The organisers said, that the February 29 to March 1 conference will also provide an opportunity to share good practices with a view to replicating the lessons learned; to explore strategies for a multi-sectoral ‘whole of society’ response to the challenge; and to examine the means for greater collaboration among institutions and development partners to sustain CARICOM’s response to youth crime and violence.

The Forum is an outcome of the CARICOM and the government of Spain project titled, “Reducing Youth on Youth Violence”, now being piloted in five Caribbean countries — Antigua and Barbuda, Jamaica, St. Kitts and Nevis, St. Lucia and Trinidad and Tobago.

Soeknandan said, the CARICOM Strategic Plan has laid out specific measures across a wide spectrum to ensure comprehensive treatment of crime and violence.

She added, that young people are often identified as both the main perpetrators and victims of crime, especially violent crime, and that the theme of the forum ‘Youth Crime and Violence – Breaking the Cycle: Exploring New Platforms for Transformation’ “challenges us to break out of the old moulds for addressing these issues and to come up with new and innovative solutions.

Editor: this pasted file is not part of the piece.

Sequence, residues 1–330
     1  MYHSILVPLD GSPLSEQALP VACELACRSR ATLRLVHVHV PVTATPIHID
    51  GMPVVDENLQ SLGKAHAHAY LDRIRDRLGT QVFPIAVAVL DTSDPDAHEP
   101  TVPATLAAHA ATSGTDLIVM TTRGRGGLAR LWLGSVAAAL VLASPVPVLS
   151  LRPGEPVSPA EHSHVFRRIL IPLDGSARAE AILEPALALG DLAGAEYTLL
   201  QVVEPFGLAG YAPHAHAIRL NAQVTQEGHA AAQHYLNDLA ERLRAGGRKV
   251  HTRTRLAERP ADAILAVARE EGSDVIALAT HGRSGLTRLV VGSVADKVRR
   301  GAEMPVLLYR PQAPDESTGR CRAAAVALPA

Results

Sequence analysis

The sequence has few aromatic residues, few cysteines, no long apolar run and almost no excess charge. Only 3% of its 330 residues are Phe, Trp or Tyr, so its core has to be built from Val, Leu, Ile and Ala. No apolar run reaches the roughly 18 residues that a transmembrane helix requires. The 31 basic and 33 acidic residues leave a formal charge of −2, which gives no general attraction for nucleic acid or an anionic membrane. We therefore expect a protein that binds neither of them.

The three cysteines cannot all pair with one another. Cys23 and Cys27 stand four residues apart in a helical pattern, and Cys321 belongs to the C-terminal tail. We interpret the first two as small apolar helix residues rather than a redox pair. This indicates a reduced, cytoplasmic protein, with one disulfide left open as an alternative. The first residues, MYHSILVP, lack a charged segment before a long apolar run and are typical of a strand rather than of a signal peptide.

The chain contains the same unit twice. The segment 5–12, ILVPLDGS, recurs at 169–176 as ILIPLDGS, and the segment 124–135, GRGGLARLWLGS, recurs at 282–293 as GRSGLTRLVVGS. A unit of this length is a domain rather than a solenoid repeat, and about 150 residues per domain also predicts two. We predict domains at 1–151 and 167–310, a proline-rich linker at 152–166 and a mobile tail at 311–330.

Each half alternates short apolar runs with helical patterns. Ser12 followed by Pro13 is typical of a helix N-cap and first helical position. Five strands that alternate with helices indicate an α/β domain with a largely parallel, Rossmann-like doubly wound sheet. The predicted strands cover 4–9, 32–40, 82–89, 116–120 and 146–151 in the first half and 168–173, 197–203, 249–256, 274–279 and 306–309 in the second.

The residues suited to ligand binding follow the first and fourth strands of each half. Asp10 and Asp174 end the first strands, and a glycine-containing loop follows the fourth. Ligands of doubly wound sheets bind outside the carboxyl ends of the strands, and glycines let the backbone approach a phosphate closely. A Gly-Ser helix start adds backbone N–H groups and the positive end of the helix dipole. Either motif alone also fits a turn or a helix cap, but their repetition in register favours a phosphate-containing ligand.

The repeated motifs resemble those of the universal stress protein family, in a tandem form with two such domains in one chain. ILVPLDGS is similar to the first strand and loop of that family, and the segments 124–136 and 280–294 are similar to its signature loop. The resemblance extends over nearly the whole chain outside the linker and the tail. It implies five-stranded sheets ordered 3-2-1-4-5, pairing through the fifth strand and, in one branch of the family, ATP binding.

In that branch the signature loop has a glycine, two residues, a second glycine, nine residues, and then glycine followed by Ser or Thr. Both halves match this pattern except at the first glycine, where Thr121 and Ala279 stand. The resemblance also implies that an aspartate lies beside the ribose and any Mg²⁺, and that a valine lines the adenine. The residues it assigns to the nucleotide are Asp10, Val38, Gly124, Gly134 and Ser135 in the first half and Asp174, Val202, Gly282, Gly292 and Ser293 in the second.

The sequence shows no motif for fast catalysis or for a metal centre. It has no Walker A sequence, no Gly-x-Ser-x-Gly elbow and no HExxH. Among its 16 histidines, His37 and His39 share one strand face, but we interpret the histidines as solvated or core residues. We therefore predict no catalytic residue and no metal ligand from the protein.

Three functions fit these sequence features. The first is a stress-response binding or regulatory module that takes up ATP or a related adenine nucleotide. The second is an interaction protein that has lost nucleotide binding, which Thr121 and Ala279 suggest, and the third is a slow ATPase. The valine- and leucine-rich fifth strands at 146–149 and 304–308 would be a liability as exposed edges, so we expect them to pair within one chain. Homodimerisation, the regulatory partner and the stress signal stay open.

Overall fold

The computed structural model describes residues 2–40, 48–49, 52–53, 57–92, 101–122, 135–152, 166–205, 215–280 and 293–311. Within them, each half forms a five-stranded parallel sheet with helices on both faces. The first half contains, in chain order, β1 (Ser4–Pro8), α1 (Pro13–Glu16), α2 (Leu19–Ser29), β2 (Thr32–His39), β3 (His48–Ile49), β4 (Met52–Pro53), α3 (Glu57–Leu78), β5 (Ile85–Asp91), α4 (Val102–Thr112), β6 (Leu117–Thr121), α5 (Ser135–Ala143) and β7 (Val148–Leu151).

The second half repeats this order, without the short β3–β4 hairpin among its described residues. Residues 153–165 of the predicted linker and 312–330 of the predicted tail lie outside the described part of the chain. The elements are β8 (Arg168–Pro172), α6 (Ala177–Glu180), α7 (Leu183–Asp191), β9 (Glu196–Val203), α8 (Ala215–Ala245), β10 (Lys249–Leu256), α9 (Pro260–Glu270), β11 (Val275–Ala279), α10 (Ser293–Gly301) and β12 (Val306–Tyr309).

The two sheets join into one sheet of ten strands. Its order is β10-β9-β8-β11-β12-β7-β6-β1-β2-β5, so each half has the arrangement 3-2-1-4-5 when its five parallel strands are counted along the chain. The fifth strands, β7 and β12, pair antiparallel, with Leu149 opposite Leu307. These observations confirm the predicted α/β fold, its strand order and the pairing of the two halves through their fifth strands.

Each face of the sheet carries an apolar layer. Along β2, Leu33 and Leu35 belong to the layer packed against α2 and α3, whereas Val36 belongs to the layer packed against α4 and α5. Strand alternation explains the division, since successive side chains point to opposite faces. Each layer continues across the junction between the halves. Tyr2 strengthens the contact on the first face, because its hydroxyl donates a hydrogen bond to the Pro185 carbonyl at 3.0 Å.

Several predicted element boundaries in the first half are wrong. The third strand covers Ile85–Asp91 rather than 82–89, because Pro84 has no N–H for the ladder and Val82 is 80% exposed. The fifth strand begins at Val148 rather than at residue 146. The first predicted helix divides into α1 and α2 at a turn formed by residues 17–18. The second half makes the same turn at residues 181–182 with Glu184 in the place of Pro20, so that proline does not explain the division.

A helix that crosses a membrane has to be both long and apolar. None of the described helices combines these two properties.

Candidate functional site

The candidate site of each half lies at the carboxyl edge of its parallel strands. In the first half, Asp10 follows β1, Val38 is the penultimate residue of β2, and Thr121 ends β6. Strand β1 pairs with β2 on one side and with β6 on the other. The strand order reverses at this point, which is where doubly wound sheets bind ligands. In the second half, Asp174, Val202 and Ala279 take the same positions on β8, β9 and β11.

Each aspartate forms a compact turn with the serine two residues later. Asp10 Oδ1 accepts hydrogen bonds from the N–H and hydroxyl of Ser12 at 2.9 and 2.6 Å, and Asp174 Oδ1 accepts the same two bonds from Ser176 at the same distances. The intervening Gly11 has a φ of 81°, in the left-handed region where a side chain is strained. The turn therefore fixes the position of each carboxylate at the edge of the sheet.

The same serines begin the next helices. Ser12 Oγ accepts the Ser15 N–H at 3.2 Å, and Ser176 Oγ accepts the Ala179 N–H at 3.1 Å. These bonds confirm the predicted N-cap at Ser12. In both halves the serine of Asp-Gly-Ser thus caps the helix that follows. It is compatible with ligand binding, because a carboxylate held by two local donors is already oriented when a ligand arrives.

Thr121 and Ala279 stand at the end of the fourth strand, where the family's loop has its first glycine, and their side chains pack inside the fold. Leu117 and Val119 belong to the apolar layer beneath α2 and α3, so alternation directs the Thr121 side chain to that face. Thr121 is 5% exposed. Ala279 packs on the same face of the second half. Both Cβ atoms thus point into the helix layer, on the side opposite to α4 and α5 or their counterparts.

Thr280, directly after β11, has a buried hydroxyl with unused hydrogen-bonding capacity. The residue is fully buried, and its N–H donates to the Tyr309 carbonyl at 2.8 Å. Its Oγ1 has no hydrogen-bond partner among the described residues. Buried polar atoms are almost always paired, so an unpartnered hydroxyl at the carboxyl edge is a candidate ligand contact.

“One negative characteristic of the older initiatives was the lack of involvement of youth in developing and implementing solutions. This does not mean that the burden should be shifted and put on the shoulders of the youth.”

But she said, adults have a continuous role to play and must be held responsible and accountable.

CARICOM Deputy Secretary General, Dr. Manorma Soeknandan. Photo credit: CARICOM.